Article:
Cancer may influence how you feel about your body and what you like. You may repair intimacy through self-reflection, physical intervention, communication, and patience.
After a breast cancer diagnosis, sex is probably the last thing on your mind. Instead, you probably consider chemotherapy side effects, treatment expenses, surgical options, and cancer charges.
After breast cancer, here are six ways to regain intimacy.
Identify The Root Of Your Sexual & Intimacy Challenges
Everyone reacts differently to cancer therapy. Sexuality can be most affected by ovarian suppression medicine and long-term hormone-blocking treatment.
Medical menopause may result from both medications’ ovarian and estrogen suppression. Vaginal dryness, uncomfortable interaction, and a loss of sexual desire are adverse symptoms of medical menopause.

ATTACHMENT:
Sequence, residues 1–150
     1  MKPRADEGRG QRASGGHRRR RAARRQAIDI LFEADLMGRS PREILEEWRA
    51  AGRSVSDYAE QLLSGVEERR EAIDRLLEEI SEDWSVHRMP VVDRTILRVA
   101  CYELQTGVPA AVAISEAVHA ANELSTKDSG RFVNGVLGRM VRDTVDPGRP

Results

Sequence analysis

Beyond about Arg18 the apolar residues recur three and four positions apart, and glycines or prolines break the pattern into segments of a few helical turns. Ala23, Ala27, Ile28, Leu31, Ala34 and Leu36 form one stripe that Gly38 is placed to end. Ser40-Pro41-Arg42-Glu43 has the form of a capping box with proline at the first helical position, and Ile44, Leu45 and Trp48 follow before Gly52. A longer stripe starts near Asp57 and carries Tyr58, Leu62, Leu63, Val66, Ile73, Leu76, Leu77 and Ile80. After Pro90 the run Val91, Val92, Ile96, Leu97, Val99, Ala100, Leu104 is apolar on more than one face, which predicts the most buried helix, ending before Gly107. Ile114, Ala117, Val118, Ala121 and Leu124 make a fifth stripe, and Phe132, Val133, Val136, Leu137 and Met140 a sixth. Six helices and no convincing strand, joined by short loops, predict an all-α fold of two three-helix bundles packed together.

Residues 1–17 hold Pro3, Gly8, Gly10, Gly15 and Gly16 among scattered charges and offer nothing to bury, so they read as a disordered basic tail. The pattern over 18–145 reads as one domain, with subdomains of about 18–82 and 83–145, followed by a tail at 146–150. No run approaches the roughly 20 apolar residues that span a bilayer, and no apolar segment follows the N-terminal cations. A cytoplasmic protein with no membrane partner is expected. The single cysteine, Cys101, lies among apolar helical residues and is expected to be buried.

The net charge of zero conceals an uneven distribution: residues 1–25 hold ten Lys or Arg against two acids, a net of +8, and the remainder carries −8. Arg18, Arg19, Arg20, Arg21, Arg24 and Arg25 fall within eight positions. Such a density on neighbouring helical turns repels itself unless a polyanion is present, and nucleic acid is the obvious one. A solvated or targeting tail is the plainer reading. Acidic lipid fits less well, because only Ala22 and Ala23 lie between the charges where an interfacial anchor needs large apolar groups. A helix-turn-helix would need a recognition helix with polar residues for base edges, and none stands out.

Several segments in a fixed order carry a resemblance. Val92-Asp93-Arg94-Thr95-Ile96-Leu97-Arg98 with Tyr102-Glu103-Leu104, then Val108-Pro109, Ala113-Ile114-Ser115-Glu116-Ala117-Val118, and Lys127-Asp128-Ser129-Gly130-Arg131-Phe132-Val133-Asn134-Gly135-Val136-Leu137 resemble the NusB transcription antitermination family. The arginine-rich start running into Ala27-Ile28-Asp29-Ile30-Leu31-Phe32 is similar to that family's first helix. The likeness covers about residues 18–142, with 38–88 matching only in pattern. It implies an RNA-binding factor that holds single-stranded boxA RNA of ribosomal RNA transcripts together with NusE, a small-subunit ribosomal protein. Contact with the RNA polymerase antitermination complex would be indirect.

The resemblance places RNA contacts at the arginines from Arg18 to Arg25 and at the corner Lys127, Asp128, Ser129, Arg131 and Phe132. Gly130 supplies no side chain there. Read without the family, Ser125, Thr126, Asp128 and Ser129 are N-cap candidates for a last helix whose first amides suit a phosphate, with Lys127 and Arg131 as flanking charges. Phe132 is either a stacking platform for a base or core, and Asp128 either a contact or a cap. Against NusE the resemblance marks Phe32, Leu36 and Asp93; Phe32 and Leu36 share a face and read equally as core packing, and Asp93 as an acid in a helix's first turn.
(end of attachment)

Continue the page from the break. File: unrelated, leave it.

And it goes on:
Intimacy and sexuality issues are often blamed on women, which is unfair. To repair relationships and promote sexual health, there has to be an understanding of the core causes.
Identify Interventions & Resources To Address Your Physical Needs
Many physicians aren’t equipped to diagnose or manage the sexual side effects of cancer therapy. Still, fantastic survivor networks and sexual health activists can assist. Even if your oncologist isn’t a specialist, they can help.
You may raise sexual health and intimacy problems and seek help. It’s uncomfortable, but you’re not alone. Start by talking to your doctor. Gynecological discomfort and pelvic floor specialists might be referred.
Pelvic floor treatment may also reduce pain and increase intimacy in breast cancer survivors. Oncologists may prescribe estrogen creams or laser therapy for vaginal pain alleviation. When seeking a referral, pelvic floor treatment may be covered by insurance.
Physical pain is the first obstacle to repairing the connection. With your provider, you’ll uncover